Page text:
Anti aging guide

Fractures and Old Age



What types of fractures are common in old age especially elderly women ?

Three types of fractures are common in old age. The vulnerable sites are the wrists, the hip, and the vertebral bodies of the spine. The peak age of the incidence of each varies site by site, but in all instances women are more seriously affected than men.

Wrist fractures are most common at the time of the menopause. It is at this time that women can become more unsteady-but of course continue to lead active lives and wear unsuitable shoes. They normally try to save themselves when falling by putting out an outstretched hand and thus exposing the wrist to damage. As this protective mechanism declines with increasing age and frailty, the incidence of wrist fracture falls, but that of hip trauma increases.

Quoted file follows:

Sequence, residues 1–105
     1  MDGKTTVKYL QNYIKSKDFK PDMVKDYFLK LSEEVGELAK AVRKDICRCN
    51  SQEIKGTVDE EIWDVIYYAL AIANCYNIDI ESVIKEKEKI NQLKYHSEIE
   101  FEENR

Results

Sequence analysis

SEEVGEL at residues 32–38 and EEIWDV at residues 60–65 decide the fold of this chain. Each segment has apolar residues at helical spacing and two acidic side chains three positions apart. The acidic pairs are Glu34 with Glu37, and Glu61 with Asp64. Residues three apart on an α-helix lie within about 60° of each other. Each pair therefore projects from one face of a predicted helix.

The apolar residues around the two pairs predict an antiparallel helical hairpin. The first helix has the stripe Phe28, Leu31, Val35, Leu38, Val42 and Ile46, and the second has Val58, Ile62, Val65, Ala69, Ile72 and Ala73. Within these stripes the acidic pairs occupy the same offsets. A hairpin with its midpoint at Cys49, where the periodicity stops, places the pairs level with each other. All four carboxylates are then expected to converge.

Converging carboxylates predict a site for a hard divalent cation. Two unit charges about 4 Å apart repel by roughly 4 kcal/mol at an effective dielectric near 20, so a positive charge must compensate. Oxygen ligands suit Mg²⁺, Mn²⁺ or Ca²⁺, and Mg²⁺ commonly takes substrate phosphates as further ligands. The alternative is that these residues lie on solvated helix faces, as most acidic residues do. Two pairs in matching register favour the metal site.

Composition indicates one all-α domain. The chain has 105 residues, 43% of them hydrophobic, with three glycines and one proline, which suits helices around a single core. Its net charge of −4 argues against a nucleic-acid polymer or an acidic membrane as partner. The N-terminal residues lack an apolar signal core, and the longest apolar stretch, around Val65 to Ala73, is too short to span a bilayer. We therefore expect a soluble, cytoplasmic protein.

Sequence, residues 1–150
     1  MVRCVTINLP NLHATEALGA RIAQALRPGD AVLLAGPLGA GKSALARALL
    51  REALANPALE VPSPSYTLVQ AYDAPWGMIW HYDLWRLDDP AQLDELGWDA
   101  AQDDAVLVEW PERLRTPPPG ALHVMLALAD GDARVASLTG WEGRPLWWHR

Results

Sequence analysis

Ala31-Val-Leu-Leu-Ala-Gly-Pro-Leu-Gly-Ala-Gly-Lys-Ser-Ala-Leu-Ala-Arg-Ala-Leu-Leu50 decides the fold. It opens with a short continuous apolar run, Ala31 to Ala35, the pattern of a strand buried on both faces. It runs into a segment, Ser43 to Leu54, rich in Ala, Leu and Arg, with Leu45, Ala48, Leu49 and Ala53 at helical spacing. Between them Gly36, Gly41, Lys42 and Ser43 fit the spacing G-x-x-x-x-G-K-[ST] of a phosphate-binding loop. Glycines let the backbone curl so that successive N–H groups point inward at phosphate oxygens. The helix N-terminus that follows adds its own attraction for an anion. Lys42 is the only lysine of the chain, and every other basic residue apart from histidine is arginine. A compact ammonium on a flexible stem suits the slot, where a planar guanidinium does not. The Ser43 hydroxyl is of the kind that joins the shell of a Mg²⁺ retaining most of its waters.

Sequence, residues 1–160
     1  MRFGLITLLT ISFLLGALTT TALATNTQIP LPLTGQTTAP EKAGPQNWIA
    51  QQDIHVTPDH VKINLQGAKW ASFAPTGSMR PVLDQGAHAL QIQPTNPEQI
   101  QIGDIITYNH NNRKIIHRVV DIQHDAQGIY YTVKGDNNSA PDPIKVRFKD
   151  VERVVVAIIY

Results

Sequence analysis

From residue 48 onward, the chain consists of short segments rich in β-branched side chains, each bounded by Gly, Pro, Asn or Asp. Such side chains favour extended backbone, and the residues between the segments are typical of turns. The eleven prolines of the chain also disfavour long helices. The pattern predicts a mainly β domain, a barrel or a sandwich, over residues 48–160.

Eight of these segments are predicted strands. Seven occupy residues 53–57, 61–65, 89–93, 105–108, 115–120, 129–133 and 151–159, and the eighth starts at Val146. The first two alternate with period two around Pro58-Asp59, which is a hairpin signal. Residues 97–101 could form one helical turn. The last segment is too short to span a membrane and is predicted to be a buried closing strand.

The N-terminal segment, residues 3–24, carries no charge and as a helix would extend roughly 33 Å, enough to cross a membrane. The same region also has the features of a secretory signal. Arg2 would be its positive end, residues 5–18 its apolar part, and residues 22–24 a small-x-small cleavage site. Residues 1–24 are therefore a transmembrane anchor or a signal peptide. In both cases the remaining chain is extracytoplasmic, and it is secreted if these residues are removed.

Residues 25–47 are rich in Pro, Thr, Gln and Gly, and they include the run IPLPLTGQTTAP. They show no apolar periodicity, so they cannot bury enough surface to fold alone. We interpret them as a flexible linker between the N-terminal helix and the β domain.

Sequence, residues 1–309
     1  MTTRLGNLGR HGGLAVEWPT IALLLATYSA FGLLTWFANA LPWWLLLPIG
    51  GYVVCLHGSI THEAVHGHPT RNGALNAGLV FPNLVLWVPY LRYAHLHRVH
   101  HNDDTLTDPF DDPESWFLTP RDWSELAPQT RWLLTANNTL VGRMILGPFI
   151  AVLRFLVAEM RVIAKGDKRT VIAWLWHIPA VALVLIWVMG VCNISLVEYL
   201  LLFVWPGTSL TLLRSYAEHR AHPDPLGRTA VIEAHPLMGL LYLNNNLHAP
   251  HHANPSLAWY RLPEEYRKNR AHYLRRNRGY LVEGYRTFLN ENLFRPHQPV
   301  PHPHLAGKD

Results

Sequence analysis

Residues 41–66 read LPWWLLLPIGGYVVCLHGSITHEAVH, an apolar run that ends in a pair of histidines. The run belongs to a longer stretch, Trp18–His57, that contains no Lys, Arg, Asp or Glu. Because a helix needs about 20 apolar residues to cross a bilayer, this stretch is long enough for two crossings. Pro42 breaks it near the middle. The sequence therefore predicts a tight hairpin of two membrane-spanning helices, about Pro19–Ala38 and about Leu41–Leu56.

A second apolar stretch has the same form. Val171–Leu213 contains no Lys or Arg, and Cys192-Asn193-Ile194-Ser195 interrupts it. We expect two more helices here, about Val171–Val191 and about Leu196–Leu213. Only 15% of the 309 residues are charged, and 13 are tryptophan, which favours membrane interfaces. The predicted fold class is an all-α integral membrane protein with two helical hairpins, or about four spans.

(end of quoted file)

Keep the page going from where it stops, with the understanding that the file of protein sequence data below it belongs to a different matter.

Hip fractures are important, not only because of the pain and discomfort that they cause, but also because they have an adverse effect on lifespan and independence. Many frail, elderly patients fail to survive their fracture (about 3000 each year) and those that do survive may have a reduced life expectancy. Although surgical techniques of repair have been revolutionized, about half the survivors will have a reduced level of independence after sustaining a fracture. The cost of treatment to the health service is also considerable, even though savings have been made by drastically increasing the speed of recovery and reducing the length of hospital stay. The estimated cost to the NHS in 1988 for fractured neck of femur was £160 million and this is probably a significant underestimate.

Fractures of spinal vertebrae cause pain, loss of height, and curvature of the spine (sometimes known as a dowager’s hump).

Why do old bones break?

The simple reason is because of the combination of more frequent falls in old age and the increased fragility of aging bones. However, the rise in incidence in fractures is greater than can be explained on demographic evidence alone. It would therefore seem that something is unusual about the bones of the current generation of elderly women.

Posted by Carol Hudgens - May 12, 2012 at 9:59 am